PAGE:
Both podcasts launch their “season 2s” next week so you can find me there on a regular basis. I don’t plan to keep this blog open. If there is a particular article you want to keep, please make sure you save it in Evernote or something similar. I’ll simply be forwarding this URL to a new location that will make it easy to keep up with me and find my various projects and work on the web.

Here’s to 2015! It’s going to be an incredible year.

Ryan Battles & The Personal Pivot

There are a few, however, who really do like this new direction, some of them moving in this direction themselves. These people are who I count on now for the honest feedback, the encouragement when I really need it, and solid advice. – Ryan Battles

Ryan recently switched professional directions and did us all the favor of writing about it. In a single post he outlines the reason, the strategy, stays true to his roots, and pulls off the whole thing with genuine authenticity. 

I’ve been contemplating something similar for myself, especially now that I’m a partner at Bold. It’s time for some new things. I hope I can pull it off as well as Ryan does. 

If you’re thinking about making a big change, head over to Ryan’s blog and subscribe. Follow Ryan on Twitter while you’re at it. We’re cheering you on! 

Critical Hit or Miss? Dungeons & Dragons + Yoga

Artist Scott Wayne Indiana wanted to add “narrative” to his yoga class. His solution was to create a D&D inspired narrative for his Yoga class using various yoga poses like “The Warrior” and “Sword One” to drive the action. Each student received a character sheet and a 10-sided die to help set the mood.

Scott’s goal wasn’t to play an actual game but rather to keep the mind engaged during class. People are asking Scott on Twitter (@39forks) for more.

If I had to go to a yoga class, it would be this one, though my first task would be to level the dice to D20s.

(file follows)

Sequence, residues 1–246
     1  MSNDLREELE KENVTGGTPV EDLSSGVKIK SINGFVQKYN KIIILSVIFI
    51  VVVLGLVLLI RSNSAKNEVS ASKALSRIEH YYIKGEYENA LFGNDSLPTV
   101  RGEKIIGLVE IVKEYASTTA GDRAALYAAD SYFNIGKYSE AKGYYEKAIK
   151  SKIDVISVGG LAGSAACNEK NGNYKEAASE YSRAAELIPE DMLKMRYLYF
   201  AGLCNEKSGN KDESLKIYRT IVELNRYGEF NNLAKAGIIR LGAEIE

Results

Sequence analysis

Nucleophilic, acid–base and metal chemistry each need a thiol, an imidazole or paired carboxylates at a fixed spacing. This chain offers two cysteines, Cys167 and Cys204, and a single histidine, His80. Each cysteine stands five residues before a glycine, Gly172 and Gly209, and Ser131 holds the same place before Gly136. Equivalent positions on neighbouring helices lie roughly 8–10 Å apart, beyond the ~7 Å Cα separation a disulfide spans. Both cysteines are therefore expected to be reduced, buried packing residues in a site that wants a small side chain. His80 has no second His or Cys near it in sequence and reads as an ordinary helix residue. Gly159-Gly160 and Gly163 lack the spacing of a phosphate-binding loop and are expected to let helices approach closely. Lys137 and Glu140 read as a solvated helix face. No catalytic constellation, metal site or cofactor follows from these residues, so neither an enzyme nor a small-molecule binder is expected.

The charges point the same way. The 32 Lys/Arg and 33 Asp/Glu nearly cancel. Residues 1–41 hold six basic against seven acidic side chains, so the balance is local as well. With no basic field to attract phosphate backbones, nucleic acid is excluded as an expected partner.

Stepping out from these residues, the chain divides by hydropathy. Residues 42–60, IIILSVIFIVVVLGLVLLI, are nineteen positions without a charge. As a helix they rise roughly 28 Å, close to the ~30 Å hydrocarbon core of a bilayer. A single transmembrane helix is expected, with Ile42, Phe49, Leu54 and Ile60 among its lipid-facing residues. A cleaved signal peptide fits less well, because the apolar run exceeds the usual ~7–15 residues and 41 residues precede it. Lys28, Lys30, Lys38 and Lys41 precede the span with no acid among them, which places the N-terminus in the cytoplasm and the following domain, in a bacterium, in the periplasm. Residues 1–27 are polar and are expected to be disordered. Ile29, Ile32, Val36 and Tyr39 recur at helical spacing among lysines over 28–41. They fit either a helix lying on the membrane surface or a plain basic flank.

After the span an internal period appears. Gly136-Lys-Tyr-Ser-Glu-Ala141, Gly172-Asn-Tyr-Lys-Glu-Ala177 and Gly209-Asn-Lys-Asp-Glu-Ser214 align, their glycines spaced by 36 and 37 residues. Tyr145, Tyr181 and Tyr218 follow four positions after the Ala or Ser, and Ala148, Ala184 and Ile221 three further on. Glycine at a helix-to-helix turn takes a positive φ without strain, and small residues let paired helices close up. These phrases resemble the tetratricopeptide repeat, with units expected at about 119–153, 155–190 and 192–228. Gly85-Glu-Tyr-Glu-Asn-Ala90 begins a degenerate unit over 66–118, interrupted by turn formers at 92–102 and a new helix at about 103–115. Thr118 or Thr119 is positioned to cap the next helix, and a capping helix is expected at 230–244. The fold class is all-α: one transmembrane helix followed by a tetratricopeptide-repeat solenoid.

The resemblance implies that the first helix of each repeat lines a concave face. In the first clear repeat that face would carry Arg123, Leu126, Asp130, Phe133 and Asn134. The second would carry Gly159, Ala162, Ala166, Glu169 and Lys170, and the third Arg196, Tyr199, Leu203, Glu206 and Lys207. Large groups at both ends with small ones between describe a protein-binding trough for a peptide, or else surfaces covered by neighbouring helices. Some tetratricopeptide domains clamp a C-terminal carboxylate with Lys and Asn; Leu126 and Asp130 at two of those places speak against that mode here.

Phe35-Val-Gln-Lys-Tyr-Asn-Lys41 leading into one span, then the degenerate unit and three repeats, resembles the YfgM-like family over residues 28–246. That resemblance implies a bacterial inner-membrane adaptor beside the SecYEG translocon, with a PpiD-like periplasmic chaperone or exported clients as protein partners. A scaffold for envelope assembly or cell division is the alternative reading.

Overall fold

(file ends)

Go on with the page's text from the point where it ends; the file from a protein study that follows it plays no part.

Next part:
To Discount or Not to Discount, a Retailer’s Perspective

So the first store on 20% less sales is actually earning 25% more money. Not only that, the store isn’t in danger of losing customers to the Internet or the Big Box stores because discounting was never its draw. Duncan McGeary, Discount versus non-discount.

Duncan is the owner of Pegasus Books, a shop I have to actively avoid because his inventory is so awesome I always, always, always spend way more money there than I intend. Duncan is also very open about how he runs his business and since he’s been successful at running a comic bookish store for 33 years, I pay attention. One day I’ll have a board game, rpg, coffee shop, craft brewery, Japanese Bakery uber store of my own, so I’m taking notes :)

Also, as someone who almost never deals with physical product, I make it a point to read about the process of inventory management and business models from those who do. Why? Well, I don’t manage inventory but I have clients that do. Don’t you?

Nobody is going to hire me as a retail strategist, but if I’m involved in a conversation about retail strategy, I won’t be at ground-zero either and that’s important. Duncan’s single post here isn’t going to get you up to speed, but its as good a starting point as any as he tackles a critical subject… to discount or not to discount?

I find myself thinking, “how can I apply this to my own services? And if I can, should I?” Hopefully it will do the same for you.